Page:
Title: Animal Ark, Celebrating our WILD WORLD in Poetry and Pictures
Author: Kwame Alexander
Photographs by: Joel Sartore
Published by: National Geographic Kids, February 2017
Themes: animals, poetry
Chorus of creatures
Singing our names
See what we can save–together
Kwame Alexander uplifting poetry and prose pairs with more than 100 of National Geographic photographer Joel Sartore’s compelling images of world species.
Why I like this book:
This is a visual and literary celebration of extraordinary beauty. The portraits of the animals are not only stunning but are intimate and personal. It is as if each animal has honored Kwame and Joel by sharing a little of their story.
The first, last pages and center pages include stunning pullouts of mini portraits and a chorus of creatures call to action.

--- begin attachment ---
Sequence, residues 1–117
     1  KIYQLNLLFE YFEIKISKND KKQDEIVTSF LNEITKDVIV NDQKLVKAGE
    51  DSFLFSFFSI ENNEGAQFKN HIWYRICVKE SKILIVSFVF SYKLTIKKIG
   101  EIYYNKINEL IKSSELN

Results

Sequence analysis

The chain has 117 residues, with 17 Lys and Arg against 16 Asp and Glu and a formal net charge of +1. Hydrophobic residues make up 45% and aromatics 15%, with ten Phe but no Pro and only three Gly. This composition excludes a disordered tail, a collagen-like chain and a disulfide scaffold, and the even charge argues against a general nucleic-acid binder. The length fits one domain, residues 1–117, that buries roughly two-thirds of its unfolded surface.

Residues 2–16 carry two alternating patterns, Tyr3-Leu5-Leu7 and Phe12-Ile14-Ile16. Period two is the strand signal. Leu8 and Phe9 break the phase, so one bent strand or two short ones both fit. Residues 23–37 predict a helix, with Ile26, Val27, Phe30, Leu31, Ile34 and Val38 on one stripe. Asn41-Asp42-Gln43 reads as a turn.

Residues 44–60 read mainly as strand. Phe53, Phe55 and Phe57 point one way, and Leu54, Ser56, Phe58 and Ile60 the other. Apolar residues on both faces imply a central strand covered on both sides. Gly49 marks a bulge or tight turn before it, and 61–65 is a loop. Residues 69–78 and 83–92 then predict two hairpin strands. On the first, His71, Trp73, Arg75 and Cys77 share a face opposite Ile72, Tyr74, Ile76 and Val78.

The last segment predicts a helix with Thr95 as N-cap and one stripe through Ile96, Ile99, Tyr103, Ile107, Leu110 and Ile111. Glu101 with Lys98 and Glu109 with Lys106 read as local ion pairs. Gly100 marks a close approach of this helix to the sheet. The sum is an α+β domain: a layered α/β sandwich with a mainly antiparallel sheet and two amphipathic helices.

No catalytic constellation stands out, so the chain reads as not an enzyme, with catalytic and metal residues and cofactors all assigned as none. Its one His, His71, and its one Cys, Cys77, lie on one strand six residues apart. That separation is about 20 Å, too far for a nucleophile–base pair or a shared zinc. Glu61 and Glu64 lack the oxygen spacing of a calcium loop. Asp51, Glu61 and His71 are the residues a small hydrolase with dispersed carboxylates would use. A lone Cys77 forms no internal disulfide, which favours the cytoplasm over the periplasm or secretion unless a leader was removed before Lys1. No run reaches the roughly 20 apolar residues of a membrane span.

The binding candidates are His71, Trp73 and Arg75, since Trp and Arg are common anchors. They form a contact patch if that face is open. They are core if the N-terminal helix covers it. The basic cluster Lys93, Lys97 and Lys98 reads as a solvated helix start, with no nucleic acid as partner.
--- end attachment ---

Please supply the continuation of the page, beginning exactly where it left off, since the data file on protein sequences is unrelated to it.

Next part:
The concept of being family with these beautiful creatures is priceless, and more than many books, this one will give children a poignant sense of connection with the venomous viper, the stalking tiger, the colorful chameleon…. From a vast variety of species from diverse ecosystems, from endemic to endangered, each animal is treated with love both by Kwame’s powerful words and Joel’s lens.
This book calls kids to action by presenting them with an ark of animals with whom humanity’s future is woven. It is stunning and powerful, a book for all elementary classrooms.
<iframe width=”1030″ height=”579″ src=”https://www.youtube.com/embed/50vURbuzD5c?ecver=1″ frameborder=”0″ allowfullscreen></iframe>
Photo Ark founder and National Geographic photographer Joel Sartore has visited 40 countries in his quest to create this photo archive of global biodiversity. To date, he has completed intimate portraits of more than 6,000 species. see more of his work here: http://www.joelsartore.com/galleries/the-photo-ark/
You can get involved and make a difference, here: http://www.nationalgeographic.org/projects/photo-ark/
This is a great classroom companion for national poetry month and the author has some great thoughts on the text and a small section on writing haiku.
Find more “Perfect Picture Book Friday” reviews at Susanna Leonard Hill’s blog HERE.